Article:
Citigroup, Abbott Laboratories, and AT&T
are among the 26 companies that paid more to their CEOs in 2011
than they did in U.S. federal taxes, according to a study
released on Thursday.

Tax breaks on research and development, past losses, and
foreign-held earnings were among those lightening the tax load
for many companies on the list, said the Institute for Policy
Studies, a left-leaning think tank in Washington, D.C.

Citi, Abbott and AT&T all took issue with the institute's
methodology. All three said they paid all taxes owed in 2011.

During a presidential election cycle in which wealth and
taxes are often debated, the study's authors said the U.S. tax
code has become an enabler of large CEO pay, while also offering
companies ways to reduce their tax bills.

Four pay-related tax breaks combined to cost taxpayers $14
billion in uncollected federal taxes, the report said.

The four included breaks dealing with performance-based
chief executive pay and stock options, as well as the
preferential 15 percent tax rate on carried interest enjoyed by
private equity partners and other financiers, it said.

Compensation for the 26 CEOs whose pay surpassed their
companies' corporate tax bills averaged $20.4 million, according
to the study. That average was up 23 percent over last year.

The average was also significantly higher than pay tracked
by separate studies of broader groups. For instance, $10.3
million was the average 2011 direct compensation for 300
large-company CEOs tracked by pay consultants Hay Group.


To get its list, the institute compared CEO pay to current
U.S. taxes paid, excluding foreign and state and local taxes
that may also have been paid, as well as deferred taxes that can
often be far larger than current taxes paid.

The group's rationale was that U.S. taxes paid are the
closest approximation available in public documents to what
companies may have actually written in their checks for last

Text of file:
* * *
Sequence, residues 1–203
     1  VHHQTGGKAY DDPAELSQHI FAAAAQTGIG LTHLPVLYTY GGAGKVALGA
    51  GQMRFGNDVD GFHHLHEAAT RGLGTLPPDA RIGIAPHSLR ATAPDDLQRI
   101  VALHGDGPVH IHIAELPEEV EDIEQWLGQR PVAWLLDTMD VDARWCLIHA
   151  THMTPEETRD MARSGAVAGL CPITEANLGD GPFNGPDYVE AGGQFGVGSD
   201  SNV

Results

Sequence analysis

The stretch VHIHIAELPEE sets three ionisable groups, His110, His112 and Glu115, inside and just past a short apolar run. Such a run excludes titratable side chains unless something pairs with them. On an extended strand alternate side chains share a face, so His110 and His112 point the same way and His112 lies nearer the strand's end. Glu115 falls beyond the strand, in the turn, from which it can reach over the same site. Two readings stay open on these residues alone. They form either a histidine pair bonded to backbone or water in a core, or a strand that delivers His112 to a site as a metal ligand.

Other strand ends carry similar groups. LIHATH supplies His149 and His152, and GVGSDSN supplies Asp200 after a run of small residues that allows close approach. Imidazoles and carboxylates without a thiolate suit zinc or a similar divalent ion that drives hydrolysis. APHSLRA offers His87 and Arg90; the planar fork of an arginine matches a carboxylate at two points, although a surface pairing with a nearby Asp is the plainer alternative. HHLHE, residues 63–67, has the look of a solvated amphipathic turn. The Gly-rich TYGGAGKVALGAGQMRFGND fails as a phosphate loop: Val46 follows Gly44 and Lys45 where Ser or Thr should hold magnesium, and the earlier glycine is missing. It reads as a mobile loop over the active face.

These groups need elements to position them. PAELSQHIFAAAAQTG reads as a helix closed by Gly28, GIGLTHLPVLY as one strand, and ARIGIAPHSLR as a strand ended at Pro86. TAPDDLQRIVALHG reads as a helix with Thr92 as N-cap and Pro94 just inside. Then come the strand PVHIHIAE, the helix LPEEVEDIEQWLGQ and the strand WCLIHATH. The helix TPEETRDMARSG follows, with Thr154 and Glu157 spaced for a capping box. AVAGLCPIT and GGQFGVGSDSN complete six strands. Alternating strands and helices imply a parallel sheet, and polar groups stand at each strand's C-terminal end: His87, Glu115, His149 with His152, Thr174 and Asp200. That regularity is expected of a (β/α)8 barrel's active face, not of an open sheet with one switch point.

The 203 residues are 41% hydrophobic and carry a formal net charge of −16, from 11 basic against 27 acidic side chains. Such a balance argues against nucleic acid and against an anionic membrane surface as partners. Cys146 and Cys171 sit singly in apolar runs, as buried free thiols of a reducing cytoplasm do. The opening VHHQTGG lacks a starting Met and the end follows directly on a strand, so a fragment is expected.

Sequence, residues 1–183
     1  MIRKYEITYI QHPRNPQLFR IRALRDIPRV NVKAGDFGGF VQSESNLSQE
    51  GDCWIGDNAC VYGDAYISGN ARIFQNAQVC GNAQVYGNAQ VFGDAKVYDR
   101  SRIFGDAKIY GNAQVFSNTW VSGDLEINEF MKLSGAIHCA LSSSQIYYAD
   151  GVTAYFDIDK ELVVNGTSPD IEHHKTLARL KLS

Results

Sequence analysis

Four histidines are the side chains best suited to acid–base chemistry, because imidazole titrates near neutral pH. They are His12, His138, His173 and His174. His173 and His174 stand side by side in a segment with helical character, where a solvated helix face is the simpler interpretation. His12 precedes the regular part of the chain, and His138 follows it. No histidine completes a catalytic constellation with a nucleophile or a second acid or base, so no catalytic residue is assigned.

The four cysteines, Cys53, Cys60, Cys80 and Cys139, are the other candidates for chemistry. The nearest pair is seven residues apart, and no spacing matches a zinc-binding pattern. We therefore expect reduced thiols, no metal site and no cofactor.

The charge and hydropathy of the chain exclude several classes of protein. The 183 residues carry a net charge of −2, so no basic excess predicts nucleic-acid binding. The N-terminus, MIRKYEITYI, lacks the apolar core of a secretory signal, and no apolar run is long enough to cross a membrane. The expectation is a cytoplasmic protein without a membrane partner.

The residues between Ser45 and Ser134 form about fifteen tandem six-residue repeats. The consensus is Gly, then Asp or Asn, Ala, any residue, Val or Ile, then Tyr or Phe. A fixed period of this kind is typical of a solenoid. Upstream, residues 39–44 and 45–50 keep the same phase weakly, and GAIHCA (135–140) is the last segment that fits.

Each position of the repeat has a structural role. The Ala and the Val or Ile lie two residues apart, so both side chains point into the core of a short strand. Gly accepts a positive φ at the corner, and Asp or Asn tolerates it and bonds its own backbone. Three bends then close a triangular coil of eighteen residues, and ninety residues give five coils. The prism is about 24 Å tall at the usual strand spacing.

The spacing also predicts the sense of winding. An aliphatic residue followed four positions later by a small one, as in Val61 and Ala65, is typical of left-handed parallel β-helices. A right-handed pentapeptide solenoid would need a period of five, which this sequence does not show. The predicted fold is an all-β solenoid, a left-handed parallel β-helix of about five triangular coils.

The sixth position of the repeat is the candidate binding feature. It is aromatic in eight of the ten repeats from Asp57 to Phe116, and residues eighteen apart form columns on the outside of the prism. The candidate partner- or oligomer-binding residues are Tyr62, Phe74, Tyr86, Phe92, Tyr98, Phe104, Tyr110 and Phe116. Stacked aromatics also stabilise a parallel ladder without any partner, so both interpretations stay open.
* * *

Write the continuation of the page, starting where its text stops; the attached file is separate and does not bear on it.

year to the U.S. Internal Revenue Service.

Among companies topping the institute's list:

* Citigroup, the financial services giant, with a tax
refund of $144 million based on prior losses, paid CEO Vikram
Pandit $14.9 million in 2011, despite an advisory vote against
it by 55 percent of shareholders.

* Telecoms group AT&T paid CEO Randall Stephenson
$18.7 million, but was entitled to a $420 million tax refund
thanks to billions in tax savings from recent rules accelerating
depreciation of assets.

* Drugmaker Abbott Laboratories paid CEO Miles White
$19 million, while garnering a $586 million refund. Abbott has
64 subsidiaries in 16 countries considered by authorities to be
tax havens, the institute said.


"This is a blatant misrepresentation of the facts," Abbott
spokesman Scott Stoffel said.

He said Abbott did not get a rebate, but paid the U.S.
government $700 million in federal income taxes in 2011, and
that the report's numbers reflect a non-cash accounting
adjustment caused by the resolution of various tax matters.

A Citigroup spokeswoman said that, while the company did not
pay federal income tax in 2011, that was due to substantial
losses it recorded in 2008 and 2009, a break available to all
businesses in similar straits.

She also noted that Citi paid on average $3.7 billion a year
in federal income taxes from 2000 to 2006, and paid other taxes
last year, including more than $3 billion in payroll taxes, and
that Pandit voluntarily took a salary of just $1 in 2010.

AT&T said in a statement its CEO's pay was closely tied to
performance and was fair, and that the accelerated deductions
that lowered its federal taxes stemmed in part from $20 billion
spent in support of the U.S. economy and jobs. The company
reported paying $3.8 billion in other taxes last year, and
hundreds of millions in federal income taxes in 2010.

All the tax breaks identified in the study are legal and
shareholders generally expect companies to take advantage of any
reasonable tax breaks they can, said David Wise, a senior
principal with Hay Group.

If the tax code changed to eliminate pay-related deductions,
like the stock option deduction, he said, "individual companies
could navigate that fairly easily. But collectively, those
dollars would add up and increase the tax base."